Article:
Hodgkin’s and Non-Hodgkin’s Lymphoma Overview

The lymphatic system, responsible for your immune system, consists of:

  • A network of vessels that carry lymph, a water fluid containing cells that combats infection (lymphocytes), and lymph nodes
  • Spleen
  • Bone marrow
  • Tonsils
  • Thymus gland

When cells in the lymphatic system grow and replicate too rapidly and in a disorganized fashion, it is considered to be cancerous, giving rise to the development of tumors (lymphomas).

Lymphomas are mainly categorized into two types: Hodgkin’s (HD) and Non-Hodgkin’s (NHL). The difference between Hodgkin’s and non-Hodgkin’s lymphoma is the type of lymphocyte cell involved.  In the former condition, a Reed-Sterm cell is involved, and in the latter, this type of cell is absent.

Two types of white blood cells become cancerous: the T-cells or T-lymphocytes and the B-Cells or B-lymphocytes. Distinguishing between HD and NHL is crucial because the prognosis and treatment can vary greatly between the two.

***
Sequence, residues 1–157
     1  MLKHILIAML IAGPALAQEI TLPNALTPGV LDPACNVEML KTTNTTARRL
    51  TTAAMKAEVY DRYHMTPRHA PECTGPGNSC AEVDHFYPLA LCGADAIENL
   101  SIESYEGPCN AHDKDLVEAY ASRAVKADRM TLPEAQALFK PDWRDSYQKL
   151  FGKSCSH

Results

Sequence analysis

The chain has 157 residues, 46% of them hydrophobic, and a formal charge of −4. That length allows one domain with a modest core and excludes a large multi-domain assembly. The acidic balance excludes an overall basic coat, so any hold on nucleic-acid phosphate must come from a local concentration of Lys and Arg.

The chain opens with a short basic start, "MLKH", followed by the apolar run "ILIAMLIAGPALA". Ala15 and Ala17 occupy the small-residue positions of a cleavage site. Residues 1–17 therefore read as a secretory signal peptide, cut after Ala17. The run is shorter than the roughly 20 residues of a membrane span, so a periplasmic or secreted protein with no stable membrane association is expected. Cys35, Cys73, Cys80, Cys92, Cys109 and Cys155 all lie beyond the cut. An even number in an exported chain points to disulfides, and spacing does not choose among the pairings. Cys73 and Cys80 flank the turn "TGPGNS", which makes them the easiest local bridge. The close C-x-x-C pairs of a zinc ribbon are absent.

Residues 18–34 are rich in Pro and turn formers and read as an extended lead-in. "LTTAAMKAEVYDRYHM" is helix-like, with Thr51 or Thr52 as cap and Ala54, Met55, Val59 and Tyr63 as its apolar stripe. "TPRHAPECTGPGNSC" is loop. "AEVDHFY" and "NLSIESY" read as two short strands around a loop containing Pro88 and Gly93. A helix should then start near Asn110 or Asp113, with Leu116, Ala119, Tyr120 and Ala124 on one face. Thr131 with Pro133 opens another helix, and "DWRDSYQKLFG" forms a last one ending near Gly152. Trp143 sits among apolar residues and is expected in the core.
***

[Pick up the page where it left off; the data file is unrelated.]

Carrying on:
HD has decreased in the U.S. and represents only 1% of cancers. NHL has increased more than 70% in the last 20 years and represents 4% of cancers, making it the fifth most common cancer with more than 65,000 new cases.

Caucasians are more apt to develop both HD and NHL, though NHL typically appears between 40-70 years of age. In HD, there are two groups that it generally occurs in: adults over 55 and young adults 15-40 years.  Both types can occur in children, but under age 5 is rare.

Symptoms of lymphoma may include:

  • Increased incidence of infections from decreased immunity
  • Fevers
  • Night sweats
  • Weight loss
  • Lethargy
  • Swelling or enlargement of lymph nodes (typically in neck, groin or armpit)

Occasionally associated with lymphomas, one may experience:

  • Red, itchy skin patches
  • Nausea and/or vomiting
  • Abdominal pain

 Written by Barbara Hales, MD

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